It’s true as a predictive matter I think Congress… you’re probably right that Congress could say it does incorporate, it could pass legislation saying the States have to comply with the grand jury provision, but when that piece of legislation came here, the question of a violation is up to you.

It’s not up to Congress.

As to violations, there is no deference.

As to remedy… and Justice Souter, I want to get to your point… there is substantial deference.

Now, the question of the factual record is a difficult one, and it’s very problematic for my side.

I understand that.

I think the starting point is the Court’s decision in South Carolina v. Katzenbach.

What did they do when they first started allowing prophylactic legislation under section 5?

First, they looked at the record.

They looked at what Congress had done, what it had found.

There were commissions.

There were studies.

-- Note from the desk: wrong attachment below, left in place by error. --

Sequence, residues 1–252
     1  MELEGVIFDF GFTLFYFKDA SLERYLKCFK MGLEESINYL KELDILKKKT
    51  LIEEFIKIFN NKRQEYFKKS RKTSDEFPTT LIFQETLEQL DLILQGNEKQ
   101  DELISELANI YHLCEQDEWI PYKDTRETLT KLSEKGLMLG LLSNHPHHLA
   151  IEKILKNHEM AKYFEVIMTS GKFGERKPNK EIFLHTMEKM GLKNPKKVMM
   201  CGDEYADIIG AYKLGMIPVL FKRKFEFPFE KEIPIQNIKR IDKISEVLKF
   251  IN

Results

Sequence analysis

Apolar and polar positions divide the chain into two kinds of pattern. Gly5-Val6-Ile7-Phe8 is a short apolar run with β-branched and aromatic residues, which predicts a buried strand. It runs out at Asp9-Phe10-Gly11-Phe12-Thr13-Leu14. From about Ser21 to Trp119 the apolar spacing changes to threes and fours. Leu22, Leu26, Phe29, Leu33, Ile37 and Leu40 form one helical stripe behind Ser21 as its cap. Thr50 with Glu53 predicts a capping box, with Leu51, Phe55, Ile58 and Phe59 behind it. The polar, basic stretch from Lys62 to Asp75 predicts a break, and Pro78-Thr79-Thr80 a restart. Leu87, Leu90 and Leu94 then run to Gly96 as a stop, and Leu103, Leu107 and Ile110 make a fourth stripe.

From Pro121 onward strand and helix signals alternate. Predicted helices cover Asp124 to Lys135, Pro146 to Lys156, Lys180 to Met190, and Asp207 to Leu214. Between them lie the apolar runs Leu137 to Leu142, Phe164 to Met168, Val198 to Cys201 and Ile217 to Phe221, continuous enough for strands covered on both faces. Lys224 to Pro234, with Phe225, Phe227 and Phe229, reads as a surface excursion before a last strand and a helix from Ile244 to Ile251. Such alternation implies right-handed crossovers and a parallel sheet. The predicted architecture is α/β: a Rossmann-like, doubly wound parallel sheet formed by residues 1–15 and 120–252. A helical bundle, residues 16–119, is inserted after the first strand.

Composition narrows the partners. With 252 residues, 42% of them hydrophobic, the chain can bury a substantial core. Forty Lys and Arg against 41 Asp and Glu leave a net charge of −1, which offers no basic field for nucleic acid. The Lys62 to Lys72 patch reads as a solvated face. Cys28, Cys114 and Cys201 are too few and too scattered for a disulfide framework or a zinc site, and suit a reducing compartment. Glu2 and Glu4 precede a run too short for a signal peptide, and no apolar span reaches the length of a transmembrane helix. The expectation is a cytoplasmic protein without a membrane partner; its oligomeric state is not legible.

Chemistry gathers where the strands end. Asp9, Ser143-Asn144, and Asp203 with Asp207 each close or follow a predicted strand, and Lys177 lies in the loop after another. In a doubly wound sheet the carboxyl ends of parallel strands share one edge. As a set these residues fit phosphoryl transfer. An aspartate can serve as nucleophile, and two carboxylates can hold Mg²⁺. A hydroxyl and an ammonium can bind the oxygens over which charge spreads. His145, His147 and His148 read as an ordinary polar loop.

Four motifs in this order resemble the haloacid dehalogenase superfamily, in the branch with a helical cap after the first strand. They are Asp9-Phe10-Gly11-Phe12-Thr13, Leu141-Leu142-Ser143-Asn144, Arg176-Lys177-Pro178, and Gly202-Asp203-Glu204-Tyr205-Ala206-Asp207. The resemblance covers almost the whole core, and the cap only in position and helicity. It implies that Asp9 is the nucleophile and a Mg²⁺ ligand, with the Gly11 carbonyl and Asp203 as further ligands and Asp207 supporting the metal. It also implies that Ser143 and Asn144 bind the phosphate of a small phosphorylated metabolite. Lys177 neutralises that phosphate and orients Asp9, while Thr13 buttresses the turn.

Secondly, they looked at a series of case findings from this Court, from lower courts, establishing a pervasive and systematic disenfranchisement of the minority vote.

Thirdly, they looked at commentary.

As in Lopez, that is all helpful.

If Congress does it, it’s smart, because I think what it does is, it makes it easier for you to uphold what they’ve done, but again, as in Lopez, it’s not indispensable.

If they want to take their chances, be completely silent as to why they’re doing something, they can take a risk, and it then becomes your job, regrettably, to figure out whether there are underlying violations.

Anthony M. Kennedy:

And in that respect, is there some requirement that the degree of intrusion on the States must be roughly balanced by the severity of the problem they’re trying to correct?

Is that the calculus we use?

Jeffrey S. Sutton:

Justice Kennedy, that is precisely it.

As you said and Justice O’Connor said in Lopez, there is an etiquette of Federalism, and one of the principle etiquettes of Federalism is that the States, and State employees like me, are presumed to know what the Constitution means and to be able to follow it.

The only reason you can turn that presumption on its head and create an effects test as you suggested, Justice Breyer, is if we’ve proved we don’t know what the Constitution means.

Congress can bench us.

If we don’t know how to follow the Constitution, if we’ve made mistakes in the past with respect to a certain provision, that’s fine.